The image of the three-year-old Syrian boy Aylan's lifeless body stimulated public outcry to deal with the refugee crisis. The body of Aylan Kurdi, who drowned along with his mother and his five-year-old brother, washed up on a beach near the Turkish resort town last week. The photograph had captured him lying face down in the surf, wearing a red t-shirt and shorts. This photograph coincidentally attracted the attention of international leaders, undoubtedly due to the immense media coverage. French President Francois Hollande immediately corresponded with Turkish president Recep Tayyip Erdoğan and other European leaders, stating that the picture must be a reminder of the world's responsibility. British Prime Minister David Cameron, who was silent earlier regarding the crisis, said he was deeply moved by the image of Aylan. Irish Prime Minister Enda Kenny described the refugee crisis as a “human catastrophe” and found the picture “absolutely shocking”.
If we look back at the Syrian crisis, it is observed that most such refugees are driven by an urgent need to escape the country, which has already become a living hell.
The Syrian conflict started during the so-called Arab Spring, and clashes between Syrian President Bashar al Assad and his several oppositions including the Islamic State of Iraq and the Levant (ISIL). Barrel bombs have been dropped continuously on the opposition-led areas by Syrian army helicopters. This conflict has killed thousands of people over the past four years. To further elaborate, ISIL militants have also been responsible for the mass exodus. The militant group occupied a key town along the Turkish border that triggered a rush of frantic refugees driving into Turkey.
According to an estimate by the UN, around 250,000 people have been killed and more than one million wounded since March 2011 in Syria due to the conflict. About half of the country's population has been displaced. A recent UN report said that since 2011 more than 2,000 Syrians refugees have drowned while desperately trying to reach Europe.
What is the role of world leaders in the crisis? Instead of taking any effective initiative to stop the war, they are providing support to both the Syrian government and the opposition groups, militarily, logistically and diplomatically. Iran and Russia provides military support to the Syrian government, whereas the main opposition body, the Syrian coalition, receives logistic and political support from major Sunni states in the Middle East, Turkey, Qatar and Saudi Arabia. Moreover, France, Britain and the US also provided political, military and logistic support to the opposition.
One can easily raise a question as to what the role of UNHCR is in this regard. The UNHCR's 1950 statute clearly states its core mandate within two principal areas on refugee protection. Its first mandate is to work with states to ensure refugees' access to protection. In other words, those outside of their country of origin, with a well-founded fear of persecution, would be assured of certain clearly defined rights. Secondly, to ensure that refugees are able to have access to durable solutions and are either reintegrated within their country of origin or permanently integrated within a new country.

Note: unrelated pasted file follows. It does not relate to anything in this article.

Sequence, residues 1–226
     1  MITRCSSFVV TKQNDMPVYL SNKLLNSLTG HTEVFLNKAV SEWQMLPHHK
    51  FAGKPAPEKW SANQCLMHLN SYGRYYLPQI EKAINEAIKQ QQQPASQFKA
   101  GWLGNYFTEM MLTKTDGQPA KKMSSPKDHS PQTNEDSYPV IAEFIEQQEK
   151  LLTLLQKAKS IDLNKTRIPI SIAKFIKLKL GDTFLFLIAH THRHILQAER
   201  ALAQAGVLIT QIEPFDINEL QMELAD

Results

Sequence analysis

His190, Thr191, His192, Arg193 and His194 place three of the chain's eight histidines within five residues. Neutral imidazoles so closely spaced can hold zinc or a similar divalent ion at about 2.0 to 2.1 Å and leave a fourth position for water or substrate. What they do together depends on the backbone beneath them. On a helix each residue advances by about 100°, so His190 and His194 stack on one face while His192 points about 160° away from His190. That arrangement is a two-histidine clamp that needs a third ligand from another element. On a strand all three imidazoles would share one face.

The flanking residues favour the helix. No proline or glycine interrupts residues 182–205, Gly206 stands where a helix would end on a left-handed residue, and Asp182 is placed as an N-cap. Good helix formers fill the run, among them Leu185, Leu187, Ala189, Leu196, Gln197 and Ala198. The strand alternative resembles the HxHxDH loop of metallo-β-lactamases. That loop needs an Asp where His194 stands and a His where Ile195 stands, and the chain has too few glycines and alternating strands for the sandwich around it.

Aylan's father took several initiatives for resettlement, to migrate formally to countries including Canada, but his application was rejected. Aylan was born in the Syrian city of Kobane. After moving between various towns, his family settled in Turkey. The family then returned to Kobane at the beginning of 2015 and again returned to Turkey in June 2015 when ISIL reoccupied Kobane. After several failed initiatives to take the family to a safe place, Aylan's father made the last attempt that ended in tragedy. He failed to migrate because he could not manage an exit visa from Turkey. They did not have Syrian passports, valid Turkish visas or even UNHCR's refugee documents, and therefore did not qualify for exit visas. Hence, getting out of Turkey was his only option to avoid arrest and detention by Turkish authorities. According to their mandates, UNHCR's effective mechanism to provide assistance to the family could probably have stopped them from taking the risky voyage.
British Prime Minister rightly realised that it is high time to solve the problem at source. Yes, only an end of the conflict in Syria would stop the flow of refugees. The UN must play its role to stop the devastating conflict. According to a report by the Global Centre for the Responsibility to Protect, the UN Security Council has not only failed to fulfill its basic function – the maintenance of international peace and security – it has also failed to uphold its Responsibility to Protect (R2P) the Syrian people. Hundreds of such images of drowning boat people in the Mediterranean Sea and in the Bay of Bengal in the last few months have sparked public outcry and calls for world leaders not only to change their attitude toward refugees but to deal with the root causes of the crisis. World leaders and the UN must take initiatives to stop the ongoing conflicts in Syria and other refugee source countries and come up with sustainable solutions.
The writer is a Research Associate/Lecturer at the BRAC Institute of Governance and Development (BIGD), BRAC University.